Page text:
Delhi, 28 June:Vice President of India Shri M. Hamid Ansari released the ‘India Corruption Study 2007’ compiled by Transparency International India at a function here today. Following is the text of the Vice President’s address on the occasion :
“ There is always an air of expectation about annual reports. Sometimes they add to our knowledge, at others reiterate the evident. The contents, again, may cause delight or dismay, or, occasionally, a bit of both! The India Corruption Study 2007 falls in the latter category. The good news is that inch by inch, year by year, there is greater transparency about the way we are governed. The bad part is that the level and extent of mis-governance is horrifying in legal and moral terms.
Over the years Transparency International India has done commendable work to quantify corruption, described by the Xth Plan as the ‘most endemic and entrenched manifestation of poor governance’. The focus of this latest report is on analysing the misery caused by corruption to the poorest of the land, for accessing the most basic of services. What are the findings? They cover five basic services – PDS, hospital, school education, electricity, and water supply – and six need-based services – police, land records, forests, housing, banking and NREGS. In specific terms, they reveal:
• About one-third of BPL households paid bribes to avail one or more of these eleven services.
• The benefits of recent steps taken to improve delivery of public services have not substantially percolated down to the poor as yet.
• Nearly two-third of BPL households could not avail of PDS, School Education and Electricity as they could not pay the bribe or use contact or influence to avail of the service.
• The situation stands at an alarming level with regard to police and Land Record/Registration.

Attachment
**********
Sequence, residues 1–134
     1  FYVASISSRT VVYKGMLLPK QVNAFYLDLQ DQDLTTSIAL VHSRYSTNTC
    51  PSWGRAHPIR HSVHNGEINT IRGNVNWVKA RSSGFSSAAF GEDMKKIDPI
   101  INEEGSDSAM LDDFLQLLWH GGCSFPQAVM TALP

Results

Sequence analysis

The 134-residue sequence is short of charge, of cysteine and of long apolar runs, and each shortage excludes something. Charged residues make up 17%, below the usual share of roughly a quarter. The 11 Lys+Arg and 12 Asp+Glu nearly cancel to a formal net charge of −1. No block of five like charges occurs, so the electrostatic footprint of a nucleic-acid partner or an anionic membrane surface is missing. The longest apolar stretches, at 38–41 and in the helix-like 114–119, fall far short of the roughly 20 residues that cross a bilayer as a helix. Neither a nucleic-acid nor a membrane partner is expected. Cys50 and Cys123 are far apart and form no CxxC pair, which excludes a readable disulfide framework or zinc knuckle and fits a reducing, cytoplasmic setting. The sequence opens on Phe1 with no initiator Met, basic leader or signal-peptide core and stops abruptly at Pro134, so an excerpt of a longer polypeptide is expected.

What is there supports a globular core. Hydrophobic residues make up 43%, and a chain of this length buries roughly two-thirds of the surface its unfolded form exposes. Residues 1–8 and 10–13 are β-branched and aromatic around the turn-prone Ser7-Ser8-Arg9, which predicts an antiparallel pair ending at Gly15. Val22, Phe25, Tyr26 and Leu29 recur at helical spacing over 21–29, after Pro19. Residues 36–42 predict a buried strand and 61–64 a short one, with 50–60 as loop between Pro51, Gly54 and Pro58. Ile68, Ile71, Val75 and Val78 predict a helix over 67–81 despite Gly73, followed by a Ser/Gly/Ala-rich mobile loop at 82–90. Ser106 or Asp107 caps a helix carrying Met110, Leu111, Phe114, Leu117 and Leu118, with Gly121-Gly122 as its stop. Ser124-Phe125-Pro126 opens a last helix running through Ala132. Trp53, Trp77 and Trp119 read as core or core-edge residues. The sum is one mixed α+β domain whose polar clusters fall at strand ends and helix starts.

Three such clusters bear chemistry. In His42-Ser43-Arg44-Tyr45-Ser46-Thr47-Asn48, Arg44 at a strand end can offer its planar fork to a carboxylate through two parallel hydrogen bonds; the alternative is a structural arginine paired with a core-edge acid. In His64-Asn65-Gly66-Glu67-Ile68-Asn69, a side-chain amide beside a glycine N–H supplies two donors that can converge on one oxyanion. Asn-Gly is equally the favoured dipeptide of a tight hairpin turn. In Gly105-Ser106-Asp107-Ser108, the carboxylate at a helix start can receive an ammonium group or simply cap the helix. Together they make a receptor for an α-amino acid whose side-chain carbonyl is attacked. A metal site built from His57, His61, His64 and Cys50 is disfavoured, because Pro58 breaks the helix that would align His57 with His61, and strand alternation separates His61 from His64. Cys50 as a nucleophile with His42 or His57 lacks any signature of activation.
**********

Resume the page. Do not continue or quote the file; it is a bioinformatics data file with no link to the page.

It is thus evident that our stated resolve to usher in inclusive growth that covers all the marginalised and vulnerable sections of the society is frustrated by corruption that hinders access to basic services. Corruption in our country has become pervasive and cancerous and is multi-dimensional. Today’s report highlights this in ample measure. Three broad aspects make this evident:
• In its moral dimension, it cuts at the very roots of the social and political fabric of society and increases injustice.
• In its legal implications, it results in disregard for the rule of law.
• In its developmental aspect, it tends to distort the decision-making processes on investment projects and other commercial transactions and is wasteful of resources.
The victims of corruption transcend all classes or groups. It is therefore important to quantify it as a governance problem and present it in terms that resonate with common citizens.
The Report brings out that grievance redressal modes that have made an impact at the level of upper and middle classes have not even tangentially impacted upon BPL households. Thus, computerization, e-governance, citizen charters, RTI Act and social audits have minimal resonance for the poor. Entitlement of BPL households to basic services provided by the government is meaningless without knowledge of and unhindered access to such services and universal awareness of grievance redressal mechanisms.
The Report brings to light the negative impact of competitive politics on targeted schemes aimed at the poor. It has reported instances of BPL, SC/ST and other vulnerable households of being told by political activists of a linkage between benefits and electoral preferences. This, to the extent it is true, amounts to political corruption in its damaging form since it undermines the very institutions of democracy at all levels. A national consensus at its avoidance is thus imperative.
Delineating a problem is one aspect; finding correctives and outlining an action plan for their implementation is far more difficult. The India Corruption Study 2007 has suggested a four pronged drive focussed on:
• Simplification of procedures.
• Streamlining of information flows.
• Reorienting front end staff for service provision to BPL households.
• Activating civil society groups to combat corruption.
I am confident that both the government and civil society would take the Study and these suggested correctives seriously. An old maxim states that eternal vigilance is the price of liberty. In today’s world, it is also insurance for proper governance. In the final analysis, good governance involves meaningful response to the public’s desire for clear, effective, and transparent governance. I commend the effort of Transparency International India and Centre for Media Studies and thank Admiral Tahiliani for inviting me today.”